Musings, Matchups and More: WVU - Texas

West Virginia needs to get the ball to its primary playmaker -- a task that it has failed to accomplish in its last two games. How then, can the Mountaineers utilize wide receiver Kevin White more effectively?


First, it should be noted that a defense, if it so desires, can do a lot to remove, or at least severely limit, one player's impact on the game. Whether it's stacking the box against a runner or committing multiple defenders to blanket a receiver, if a defensive coordinator has the players with ability, it can limit a threat. That's certainly what has been happening with Kevin White recently.

Oklahoma State played two deep safeties and put corners up close on White, then mixed up coverages with an effective blend of secondary rotations and tactics. TCU used an outstanding corner (the "other" Kevin White), more deep safety help and outside linebackers dropping into robber positions to cut off slants. Those tactics limited White, and aided by a few off target throws, kept him from having an impact on the TCU game.

Several options have been presented in the hopes of freeing up White, from the use of motion to lining him up in the slot. There are objections to those, however. First, WVU typically motions its slot receivers, not its wideouts. In Dana Holgorsen's system, the outside receivers line up in the same spot on every snap, so as to promote familiarity with routes and cohesion with the quarterback. Also, moving from outside to the slot is not an easy task, given the different reads and responsibilities of each position -- not to mention the different routes. While it might be achievable for one or two special plays, it's probably not something that can be implemented in a week of practice.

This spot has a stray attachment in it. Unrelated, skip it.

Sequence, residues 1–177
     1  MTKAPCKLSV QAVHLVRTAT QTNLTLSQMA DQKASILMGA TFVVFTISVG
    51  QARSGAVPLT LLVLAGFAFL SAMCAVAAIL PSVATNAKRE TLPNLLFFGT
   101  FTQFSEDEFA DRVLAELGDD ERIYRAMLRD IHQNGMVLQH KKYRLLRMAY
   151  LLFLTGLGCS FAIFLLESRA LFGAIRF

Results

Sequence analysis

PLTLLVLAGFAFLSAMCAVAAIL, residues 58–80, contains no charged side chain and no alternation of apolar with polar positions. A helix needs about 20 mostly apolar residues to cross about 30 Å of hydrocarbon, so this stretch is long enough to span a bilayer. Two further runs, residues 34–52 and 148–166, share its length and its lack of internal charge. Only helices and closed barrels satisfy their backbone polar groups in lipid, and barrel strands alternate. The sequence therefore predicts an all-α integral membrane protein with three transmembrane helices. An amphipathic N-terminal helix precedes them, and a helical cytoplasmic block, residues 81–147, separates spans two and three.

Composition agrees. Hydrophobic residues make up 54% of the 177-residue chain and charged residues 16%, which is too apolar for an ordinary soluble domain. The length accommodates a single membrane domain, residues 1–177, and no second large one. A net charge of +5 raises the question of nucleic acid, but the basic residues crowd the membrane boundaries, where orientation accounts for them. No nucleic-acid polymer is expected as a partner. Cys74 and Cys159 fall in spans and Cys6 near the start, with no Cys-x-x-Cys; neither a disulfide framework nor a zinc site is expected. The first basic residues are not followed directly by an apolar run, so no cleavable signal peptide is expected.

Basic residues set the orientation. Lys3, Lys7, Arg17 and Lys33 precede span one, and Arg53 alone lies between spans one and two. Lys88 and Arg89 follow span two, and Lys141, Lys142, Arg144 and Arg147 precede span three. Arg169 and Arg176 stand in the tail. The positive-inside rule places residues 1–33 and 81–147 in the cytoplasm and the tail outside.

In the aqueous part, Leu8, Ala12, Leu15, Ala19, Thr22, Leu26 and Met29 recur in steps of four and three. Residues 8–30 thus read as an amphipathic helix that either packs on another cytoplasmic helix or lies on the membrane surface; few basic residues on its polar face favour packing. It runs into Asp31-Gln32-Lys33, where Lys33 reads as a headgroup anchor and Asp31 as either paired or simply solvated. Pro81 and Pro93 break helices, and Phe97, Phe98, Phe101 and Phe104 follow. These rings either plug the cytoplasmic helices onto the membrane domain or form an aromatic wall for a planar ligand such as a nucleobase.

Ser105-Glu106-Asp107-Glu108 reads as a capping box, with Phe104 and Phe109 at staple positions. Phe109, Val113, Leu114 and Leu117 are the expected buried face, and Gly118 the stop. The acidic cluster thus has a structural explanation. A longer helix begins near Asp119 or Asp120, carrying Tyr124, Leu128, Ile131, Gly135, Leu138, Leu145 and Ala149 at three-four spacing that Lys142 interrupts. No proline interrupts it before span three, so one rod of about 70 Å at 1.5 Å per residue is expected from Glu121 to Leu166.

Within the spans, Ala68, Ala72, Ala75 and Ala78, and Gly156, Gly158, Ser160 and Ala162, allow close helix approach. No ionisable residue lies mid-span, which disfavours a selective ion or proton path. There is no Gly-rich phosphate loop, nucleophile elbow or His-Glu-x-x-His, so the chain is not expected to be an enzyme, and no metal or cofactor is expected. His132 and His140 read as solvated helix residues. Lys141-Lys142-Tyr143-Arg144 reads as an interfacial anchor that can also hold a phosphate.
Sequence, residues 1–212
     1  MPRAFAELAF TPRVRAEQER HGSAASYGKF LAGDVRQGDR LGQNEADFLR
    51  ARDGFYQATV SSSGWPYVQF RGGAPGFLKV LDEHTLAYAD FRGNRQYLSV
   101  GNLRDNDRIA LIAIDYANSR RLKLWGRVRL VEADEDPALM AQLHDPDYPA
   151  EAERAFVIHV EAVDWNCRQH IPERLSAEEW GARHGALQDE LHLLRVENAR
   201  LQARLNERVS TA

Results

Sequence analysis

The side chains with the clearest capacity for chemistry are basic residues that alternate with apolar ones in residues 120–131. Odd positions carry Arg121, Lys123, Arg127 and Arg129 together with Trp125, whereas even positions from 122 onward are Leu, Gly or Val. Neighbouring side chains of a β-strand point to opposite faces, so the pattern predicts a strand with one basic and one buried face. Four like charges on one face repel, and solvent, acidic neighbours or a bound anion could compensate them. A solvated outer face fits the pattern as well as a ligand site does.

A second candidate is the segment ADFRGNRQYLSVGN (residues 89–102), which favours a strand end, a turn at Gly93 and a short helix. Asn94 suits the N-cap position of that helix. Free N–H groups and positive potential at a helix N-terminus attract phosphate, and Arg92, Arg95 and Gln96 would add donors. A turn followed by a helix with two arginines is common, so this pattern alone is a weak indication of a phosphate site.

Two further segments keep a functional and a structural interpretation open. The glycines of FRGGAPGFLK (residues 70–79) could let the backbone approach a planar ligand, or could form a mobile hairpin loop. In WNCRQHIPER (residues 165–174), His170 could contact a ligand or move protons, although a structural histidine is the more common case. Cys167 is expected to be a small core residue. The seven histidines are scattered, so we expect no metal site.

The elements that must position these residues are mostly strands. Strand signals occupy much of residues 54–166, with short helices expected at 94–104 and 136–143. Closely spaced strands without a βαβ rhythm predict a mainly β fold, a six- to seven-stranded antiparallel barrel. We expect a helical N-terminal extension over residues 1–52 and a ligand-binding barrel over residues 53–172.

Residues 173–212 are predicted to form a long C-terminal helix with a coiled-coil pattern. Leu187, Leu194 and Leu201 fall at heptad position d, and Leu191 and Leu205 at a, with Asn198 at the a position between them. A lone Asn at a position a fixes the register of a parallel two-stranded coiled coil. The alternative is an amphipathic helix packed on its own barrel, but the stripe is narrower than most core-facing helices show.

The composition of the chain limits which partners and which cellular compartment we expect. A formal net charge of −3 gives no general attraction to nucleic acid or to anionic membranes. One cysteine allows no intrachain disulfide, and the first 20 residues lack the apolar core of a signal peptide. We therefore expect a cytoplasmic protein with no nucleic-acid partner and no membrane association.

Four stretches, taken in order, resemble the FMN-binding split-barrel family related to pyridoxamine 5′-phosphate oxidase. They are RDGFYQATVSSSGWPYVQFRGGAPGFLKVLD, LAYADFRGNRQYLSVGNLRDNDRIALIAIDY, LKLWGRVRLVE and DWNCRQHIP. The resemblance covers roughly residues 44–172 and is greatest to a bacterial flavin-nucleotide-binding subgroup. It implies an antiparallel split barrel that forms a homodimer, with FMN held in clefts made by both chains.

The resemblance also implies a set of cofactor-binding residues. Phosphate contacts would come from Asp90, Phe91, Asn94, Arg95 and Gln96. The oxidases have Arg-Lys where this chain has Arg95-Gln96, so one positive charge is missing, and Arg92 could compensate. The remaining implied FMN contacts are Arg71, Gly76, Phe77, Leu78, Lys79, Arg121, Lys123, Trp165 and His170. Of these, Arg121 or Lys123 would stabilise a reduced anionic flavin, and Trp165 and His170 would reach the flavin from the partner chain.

To free White, WVU might look at some different action with wide receiver screens, but if White is covered by outstanding Texas corner Quandre Diggs, that might not be an option, especially if Diggs is jamming him at the line. More likely, WVU might look at crossing routes or rub-offs between White and a slot receiver to his inside. That won't necessarily free White, but if Texas's defense is focused on him, it could cause a mix-up that allows more room for the slot receiver.

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Of course, none of this will matter a whit if West Virginia can't pass protect -- a problem that went somewhat overlooked in last week's offensive struggles.

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While head coach Dana Holgorsen commented on that problem in the immediate postgame ("I have to look to see if our protection was worth a damn"), it didn't draw much further attention this week. The fact is, though, that West Virginia couldn't block TCU's front four in the second half, allowing the unit to harass Clint Trickett and stuff the running game.

Is Texas' front as good as TCU's? Maybe not, but it's not far behind. UT will use both three- and four-man fronts to confuse blocking assignments, and it has been able to get pressure with its defensive front alone. Headed by defensive tackle Malcom Brown and nose tackle Hassan Ridgeway, who have combined for 9.5 sacks, the Longhorns have been able to generate heat on opposing passers without bringing a lot of blitzers. If West Virginia can't protect against that group, the Mountaineers will suffer their fourth loss of the season.


The longhorn made its first appearance on campus in November, 1916, when a steer rescued from a group of cattle rustlers was purchased by Stephen Pinckney and shipped to Austin for the game. The steer, unhappy after its long trip and deprived of food and water, charged the cameraman taking photos in a stockyard after the game, perhaps giving credence to the mascot as a customer not to be messed with.